Encaustic painting uses a medium in which dry pigments are mixed with molten wax (white refined beeswax) and resin. Of the many kinds of wax painting, only that in which the applied colors are burnt in, or fused together by heat, is called "encaustic" (from the Greek for "burning in"). Encaustic paintings can be brilliant in color and can range in texture from smooth transparency to thick impasto. They are also permanent.
Encaustic Painting Technique
Encaustic paints are kept fluid on an electrically warmed palette. The resin gives them hardness and raises their melting temperature. They are applied to a canvas or panel with brushes and palette knives. When a light bulb or therapeutic heat bulb in a reflector is held by hand or fastened near the painting's surface, the brushstrokes flow. When heat is withdrawn, they become sharp and crisp. The painting is then laid flat, and a heat lamp is passed over it at a controlled temperature and distance, burning in the colors to form a homogeneous layer without running or spreading.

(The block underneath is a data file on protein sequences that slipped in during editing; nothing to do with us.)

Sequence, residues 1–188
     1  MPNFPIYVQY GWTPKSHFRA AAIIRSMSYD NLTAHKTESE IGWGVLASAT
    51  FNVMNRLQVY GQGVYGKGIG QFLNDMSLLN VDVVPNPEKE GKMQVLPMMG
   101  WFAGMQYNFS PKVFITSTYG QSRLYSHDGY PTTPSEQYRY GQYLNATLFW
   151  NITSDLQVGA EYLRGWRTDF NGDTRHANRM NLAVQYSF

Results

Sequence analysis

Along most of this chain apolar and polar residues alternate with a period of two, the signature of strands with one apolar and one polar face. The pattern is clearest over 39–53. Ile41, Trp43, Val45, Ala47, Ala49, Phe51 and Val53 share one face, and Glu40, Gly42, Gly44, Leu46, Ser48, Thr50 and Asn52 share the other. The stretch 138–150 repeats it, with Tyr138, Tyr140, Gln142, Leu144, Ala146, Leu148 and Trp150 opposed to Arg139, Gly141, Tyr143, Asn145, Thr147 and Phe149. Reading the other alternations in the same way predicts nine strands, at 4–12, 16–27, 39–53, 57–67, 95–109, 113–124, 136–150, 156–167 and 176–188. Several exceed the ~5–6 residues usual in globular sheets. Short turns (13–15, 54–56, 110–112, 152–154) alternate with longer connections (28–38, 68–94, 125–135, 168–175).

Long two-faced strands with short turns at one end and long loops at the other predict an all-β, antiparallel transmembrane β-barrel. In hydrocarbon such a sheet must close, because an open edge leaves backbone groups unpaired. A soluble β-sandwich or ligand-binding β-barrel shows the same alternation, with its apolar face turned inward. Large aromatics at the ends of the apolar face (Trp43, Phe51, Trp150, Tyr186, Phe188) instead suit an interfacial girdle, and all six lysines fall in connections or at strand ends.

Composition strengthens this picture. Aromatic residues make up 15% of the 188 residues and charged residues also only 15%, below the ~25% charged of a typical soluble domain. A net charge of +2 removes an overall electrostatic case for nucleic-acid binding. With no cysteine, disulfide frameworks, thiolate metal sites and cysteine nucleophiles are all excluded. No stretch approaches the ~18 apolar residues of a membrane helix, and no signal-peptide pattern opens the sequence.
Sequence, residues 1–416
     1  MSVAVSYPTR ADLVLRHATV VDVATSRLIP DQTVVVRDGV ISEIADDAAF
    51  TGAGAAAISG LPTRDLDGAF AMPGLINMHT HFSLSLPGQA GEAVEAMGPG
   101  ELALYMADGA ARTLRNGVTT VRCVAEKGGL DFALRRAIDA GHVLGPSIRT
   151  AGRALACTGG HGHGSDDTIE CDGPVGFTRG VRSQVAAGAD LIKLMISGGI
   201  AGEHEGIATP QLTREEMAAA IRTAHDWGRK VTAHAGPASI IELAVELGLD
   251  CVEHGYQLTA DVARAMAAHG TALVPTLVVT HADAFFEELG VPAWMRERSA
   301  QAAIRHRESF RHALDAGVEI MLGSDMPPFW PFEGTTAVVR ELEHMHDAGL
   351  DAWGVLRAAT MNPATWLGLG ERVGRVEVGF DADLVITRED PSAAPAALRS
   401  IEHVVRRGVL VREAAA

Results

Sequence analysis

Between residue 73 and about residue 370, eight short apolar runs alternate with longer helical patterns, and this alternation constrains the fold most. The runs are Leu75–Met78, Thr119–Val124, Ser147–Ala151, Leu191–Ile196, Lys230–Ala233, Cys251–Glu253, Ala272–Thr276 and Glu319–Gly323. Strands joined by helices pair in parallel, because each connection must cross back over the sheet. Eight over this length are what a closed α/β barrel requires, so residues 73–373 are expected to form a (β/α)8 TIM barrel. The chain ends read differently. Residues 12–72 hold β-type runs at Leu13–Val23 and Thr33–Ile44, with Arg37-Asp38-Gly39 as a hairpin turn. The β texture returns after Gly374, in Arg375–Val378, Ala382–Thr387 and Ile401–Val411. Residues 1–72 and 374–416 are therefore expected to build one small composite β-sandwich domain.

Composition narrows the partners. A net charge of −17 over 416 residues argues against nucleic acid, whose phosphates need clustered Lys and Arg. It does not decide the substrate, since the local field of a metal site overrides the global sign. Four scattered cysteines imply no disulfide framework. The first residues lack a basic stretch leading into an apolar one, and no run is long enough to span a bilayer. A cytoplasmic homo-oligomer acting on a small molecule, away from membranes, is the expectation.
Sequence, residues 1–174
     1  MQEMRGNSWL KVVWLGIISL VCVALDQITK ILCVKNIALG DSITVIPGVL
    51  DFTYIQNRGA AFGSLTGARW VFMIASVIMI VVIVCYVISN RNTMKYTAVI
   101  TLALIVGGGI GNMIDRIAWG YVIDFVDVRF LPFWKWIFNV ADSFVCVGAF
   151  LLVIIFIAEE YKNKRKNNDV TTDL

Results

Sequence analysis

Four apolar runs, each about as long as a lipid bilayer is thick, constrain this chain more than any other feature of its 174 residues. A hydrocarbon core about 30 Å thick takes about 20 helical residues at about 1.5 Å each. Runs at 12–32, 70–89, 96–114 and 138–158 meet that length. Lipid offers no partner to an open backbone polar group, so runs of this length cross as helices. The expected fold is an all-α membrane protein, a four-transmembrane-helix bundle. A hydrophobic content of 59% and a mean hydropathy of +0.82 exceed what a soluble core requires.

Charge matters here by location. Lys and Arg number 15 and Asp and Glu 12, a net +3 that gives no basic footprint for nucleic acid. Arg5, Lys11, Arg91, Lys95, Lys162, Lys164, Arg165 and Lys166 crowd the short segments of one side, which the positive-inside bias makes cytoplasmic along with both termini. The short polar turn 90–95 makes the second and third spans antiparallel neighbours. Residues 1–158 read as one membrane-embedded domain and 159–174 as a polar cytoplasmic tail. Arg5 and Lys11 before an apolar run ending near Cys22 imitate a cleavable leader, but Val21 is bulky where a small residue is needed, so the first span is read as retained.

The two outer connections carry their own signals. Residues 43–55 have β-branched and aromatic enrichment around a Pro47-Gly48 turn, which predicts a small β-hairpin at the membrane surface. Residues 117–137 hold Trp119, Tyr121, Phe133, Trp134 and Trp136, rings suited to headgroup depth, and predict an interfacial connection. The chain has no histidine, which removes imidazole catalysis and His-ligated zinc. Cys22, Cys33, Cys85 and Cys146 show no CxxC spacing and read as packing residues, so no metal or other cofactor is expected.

The ancient Greeks used encaustic for murals and easel paintings and to color statues. Examples of their work are portraits from Egyptian tombs in Faiyum dating from Roman times. Both Greeks and Romans heated the palette and painting surface with cumbersome containers of glowing charcoal and applied the paint with bronze spatulas or with brushes.
During the Middle Ages, encaustic was replaced by tempera (which is easier to use) and became a lost art. In the 18th and 19th centuries it was revived to paint murals impervious to atmospheric conditions, but it could not withstand water seepage. Since the 1930's, when efficient electrical heating was developed, encaustic has found favor for easel painting.